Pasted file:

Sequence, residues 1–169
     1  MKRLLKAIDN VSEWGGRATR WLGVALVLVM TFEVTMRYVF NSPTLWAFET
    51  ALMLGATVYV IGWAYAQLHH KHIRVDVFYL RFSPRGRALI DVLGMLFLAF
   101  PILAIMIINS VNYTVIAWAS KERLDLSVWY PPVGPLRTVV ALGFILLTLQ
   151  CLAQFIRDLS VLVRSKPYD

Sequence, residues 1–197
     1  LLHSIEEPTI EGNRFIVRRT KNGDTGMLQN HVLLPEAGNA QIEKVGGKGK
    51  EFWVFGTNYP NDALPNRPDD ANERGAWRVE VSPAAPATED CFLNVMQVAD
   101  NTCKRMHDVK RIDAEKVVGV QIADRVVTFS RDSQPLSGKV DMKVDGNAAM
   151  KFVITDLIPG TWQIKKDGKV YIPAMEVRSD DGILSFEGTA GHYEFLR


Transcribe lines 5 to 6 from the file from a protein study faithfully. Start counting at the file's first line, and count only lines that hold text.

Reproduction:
   151  CLAQFIRDLS VLVRSKPYD

Sequence, residues 1–197